Arctic Char and Cream Cheese Wontons (Psst… we’re having a contest!)

I have a challenge for you.

Come up with something – anything (though it has to be edible food) – that wouldn’t go well in a wonton.

I bet you can’t do it.

(Neener neener!)

I mean, really. You can fold anything in a wonton skin, fry it up, and it’ll be delicious.

An. Y. Thing.

And if you can’t come up with something that would do badly in wontons? Give me a cool, crazy, awesome, ridiculously creative combination that you would put in a wonton.

Like these, which my great aunt asks me to make every year at our family’s annual Christmas party.

Or like this recipe here – arctic char with dill cream cheese, drizzled with a maple ponzu sauce.

Heck yeah.

Good stuff.

And… you know what?

I think I’ll give away a Sushi Day shirt and a sushi kit to the person who comes up with the best (edible!) suggestion for what WOULD NOT go well in wontons.

And I’ll give away another Sushi Day shirt and a sushi kit to the person who comes up with the best GOOD combination that I can put in a wonton.

You have 1 week to enter. That’s until next Thursday, November 18, at 11:59PM PST.

Ready… go!

The maple ponzu sauce was adapted from this maple-soy sauce, which was recommended to me by my friend Mike Kelly. Yum, yummy, yum.

  • 1 fillet very fresh arctic char (about 1/3 lb)
  • 20 oz cream cheese, softened
  • 1 tbsp dill, chopped
  • 20 wonton skins
  • 1/4 cup maple syrup
  • 2 tsp shoyu
  • 2 tsp fresh-squeezed orange juice
  • canola oil for frying
Cooking Directions
  1. If the arctic char fillet has skin and bones, carefully pick out all the bones, and scrape the pink flesh off of the skin. Discard any bones and skin. By now the arctic char probably resembles a lumpy mush, but if not, chop it a few times until it does.
  2. Mix the cream cheese with the dill.
  3. Spread a layer of cream cheese on one triangular half of a wonton skin, then top with about a tablespoon of arctic char. Dampen the edges of the wonton with water, then fold over the other half of the wonton skin and press along the edges to seal it. Repeat until you have used up the arctic char.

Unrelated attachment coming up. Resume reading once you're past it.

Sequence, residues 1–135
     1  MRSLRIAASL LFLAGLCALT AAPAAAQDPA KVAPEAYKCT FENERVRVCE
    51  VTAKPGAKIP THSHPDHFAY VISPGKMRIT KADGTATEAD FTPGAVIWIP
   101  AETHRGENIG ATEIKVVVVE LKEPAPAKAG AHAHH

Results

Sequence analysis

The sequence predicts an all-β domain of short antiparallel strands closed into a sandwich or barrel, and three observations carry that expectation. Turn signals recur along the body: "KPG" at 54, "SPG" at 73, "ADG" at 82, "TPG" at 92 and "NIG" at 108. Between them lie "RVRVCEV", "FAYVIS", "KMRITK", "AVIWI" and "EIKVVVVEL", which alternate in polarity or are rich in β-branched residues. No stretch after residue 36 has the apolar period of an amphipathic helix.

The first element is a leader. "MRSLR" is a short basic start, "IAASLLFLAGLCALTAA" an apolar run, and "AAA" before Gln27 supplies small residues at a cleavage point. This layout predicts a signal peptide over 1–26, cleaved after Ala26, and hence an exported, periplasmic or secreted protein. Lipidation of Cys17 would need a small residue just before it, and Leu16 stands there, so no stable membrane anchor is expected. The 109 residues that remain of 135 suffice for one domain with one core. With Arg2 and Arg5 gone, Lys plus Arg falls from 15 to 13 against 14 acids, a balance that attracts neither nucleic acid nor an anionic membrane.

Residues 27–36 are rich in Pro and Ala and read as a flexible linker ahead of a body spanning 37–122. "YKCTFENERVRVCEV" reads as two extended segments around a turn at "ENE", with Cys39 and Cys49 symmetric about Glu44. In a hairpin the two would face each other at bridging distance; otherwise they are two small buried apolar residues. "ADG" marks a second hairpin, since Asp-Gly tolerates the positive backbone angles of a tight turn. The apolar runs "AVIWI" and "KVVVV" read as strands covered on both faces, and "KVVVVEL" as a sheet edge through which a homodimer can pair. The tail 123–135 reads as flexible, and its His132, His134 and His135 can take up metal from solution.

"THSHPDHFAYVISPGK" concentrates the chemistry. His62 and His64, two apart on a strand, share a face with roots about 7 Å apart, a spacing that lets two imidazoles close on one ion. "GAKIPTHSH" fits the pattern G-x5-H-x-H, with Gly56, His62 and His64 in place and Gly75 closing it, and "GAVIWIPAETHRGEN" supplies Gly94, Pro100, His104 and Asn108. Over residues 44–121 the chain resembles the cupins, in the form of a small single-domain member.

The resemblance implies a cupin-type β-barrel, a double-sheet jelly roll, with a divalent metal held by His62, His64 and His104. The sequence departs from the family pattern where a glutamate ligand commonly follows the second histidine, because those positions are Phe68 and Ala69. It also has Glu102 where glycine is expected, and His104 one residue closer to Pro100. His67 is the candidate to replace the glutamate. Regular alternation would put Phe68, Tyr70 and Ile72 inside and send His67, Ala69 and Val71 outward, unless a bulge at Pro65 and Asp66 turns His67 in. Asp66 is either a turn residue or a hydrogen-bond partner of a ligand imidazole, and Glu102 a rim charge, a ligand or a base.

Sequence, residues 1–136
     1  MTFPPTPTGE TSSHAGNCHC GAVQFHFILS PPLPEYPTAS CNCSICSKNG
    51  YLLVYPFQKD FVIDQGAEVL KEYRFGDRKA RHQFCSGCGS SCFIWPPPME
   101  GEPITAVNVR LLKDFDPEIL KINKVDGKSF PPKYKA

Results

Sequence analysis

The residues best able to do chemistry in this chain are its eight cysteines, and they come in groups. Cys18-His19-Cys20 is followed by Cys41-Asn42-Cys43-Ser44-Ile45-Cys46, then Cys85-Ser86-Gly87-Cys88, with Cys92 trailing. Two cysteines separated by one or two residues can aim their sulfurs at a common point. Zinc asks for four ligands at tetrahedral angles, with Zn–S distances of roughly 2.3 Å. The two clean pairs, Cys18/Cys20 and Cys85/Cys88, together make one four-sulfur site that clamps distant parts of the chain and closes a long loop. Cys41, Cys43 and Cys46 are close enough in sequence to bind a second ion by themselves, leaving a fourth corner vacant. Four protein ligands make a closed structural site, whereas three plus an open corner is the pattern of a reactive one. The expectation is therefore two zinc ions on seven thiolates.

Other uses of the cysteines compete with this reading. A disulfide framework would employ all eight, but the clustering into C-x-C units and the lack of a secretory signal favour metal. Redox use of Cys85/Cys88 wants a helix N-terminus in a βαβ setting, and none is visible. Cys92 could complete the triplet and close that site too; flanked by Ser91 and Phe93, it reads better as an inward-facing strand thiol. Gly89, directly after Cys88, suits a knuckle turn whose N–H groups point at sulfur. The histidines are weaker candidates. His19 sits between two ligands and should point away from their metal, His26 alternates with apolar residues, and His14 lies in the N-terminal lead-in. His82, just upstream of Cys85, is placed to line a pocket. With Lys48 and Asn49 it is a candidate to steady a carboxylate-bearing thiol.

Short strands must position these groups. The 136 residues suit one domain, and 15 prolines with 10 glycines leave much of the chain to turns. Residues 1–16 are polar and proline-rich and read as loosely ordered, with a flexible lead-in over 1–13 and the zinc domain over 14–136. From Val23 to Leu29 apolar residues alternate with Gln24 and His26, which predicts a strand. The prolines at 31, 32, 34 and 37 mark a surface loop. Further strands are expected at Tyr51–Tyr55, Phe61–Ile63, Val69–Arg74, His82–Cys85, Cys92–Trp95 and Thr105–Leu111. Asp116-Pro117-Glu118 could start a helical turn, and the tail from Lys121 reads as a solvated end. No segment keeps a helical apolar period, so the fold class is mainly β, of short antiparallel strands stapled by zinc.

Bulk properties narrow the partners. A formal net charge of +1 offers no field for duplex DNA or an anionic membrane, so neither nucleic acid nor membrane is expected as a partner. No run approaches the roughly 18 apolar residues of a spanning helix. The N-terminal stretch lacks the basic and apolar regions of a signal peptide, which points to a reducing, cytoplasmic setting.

4. Heat the oil to 400°F.
  5. Fry the wontons, about 10 seconds on each side. They should be a very light golden brown, just barely starting to brown around the edges. We still want the arctic char to be mostly raw inside the wonton. Drain on a cooling rack.
  6. Mix the maple syrup, shoyu, and orange juice. Drizzle over the wontons.
  7. Enjoy!

Coming Soon!

Percent Daily Values are based on a 2000 calorie diet. These values are only estimates based on the individual ingredients, and not meant to replace the advice of a medical professional.

14 thoughts on “Arctic Char and Cream Cheese Wontons (Psst… we’re having a contest!)”

  1. Barce -

    That recipe looks delicious. I’m a bit hesitant to put in maple syrup, but I’ll try anything once.

    I think a wonton couldn’t go into a wonton.

  2. patricia -

    I think the worst combo would be sardines, green olives, grape jelly with rosemary flavored cream cheese.
    what do you thikn?

  3. Melissa -

    I am going to have a sushi party and was thinking of doing a wonton desert! I was thinking bananas, Nutella sprinkled with powdered sugar. Yum! I wouldn’t want to eat a wonton with pickled eggs, peanut butter, liver and brussle sprouts. I’m just saying, yuck!

  4. Cathy/ShowFoodChef -

    Love your blog and your spirit; but I wouldn’t love a wonton filled with Casu Marzu (Italian maggot cheese) and I WOULD love a wonton filled with Matcha Pastry Cream and drizzled with cherry sauce. 😀

  5. Haricot Vert -

    Your Artic Char Chowder from a couple of day’s ago looked really delicious.

    You could also add a few drops of Sesame Oil or Chili Oil to your Shoyu/Maple drizzle and it’ll add an extra layer of flavor to your Won Tons.

    Bad Won Ton combo: Chopped Balut with Cottage Cheese.

  6. Hannah -

    What would NOT go well in a wonton? …. Hot dogs. Anything + hot dogs, or just plain hot dogs. The use of hot dogs as an ingredient in any other dish highly disturbs me.

  7. Katharine -

    The bad: Jell-O would not go well in a wonton. It would just melt and make a mess, not to mention the fact that I don’t think it would be very palatable.

    The good: I bet a square of toffee could be a delicious surprise inside a wonton. 🙂

  8. Davina Haisell -

    The bad? How about some Spam, mashed and mixed with steamed spinach, grated ginger and tossed with raisins and dried blueberries.

    The good? Let’s go with sweet and nutty with dates and nuts. Make a paste with the dates like you would make a sweet bean paste. Then add chopped nuts such as walnuts or macadamias and perhaps a hint of cocoa and vanilla. Yum! 🙂

    Or, you could do the same with aduki beans, only sweetened with a little brown sugar… just leave out the nuts and other flavouring. I’ve made wee pancakes with aduki bean paste and they were delicious.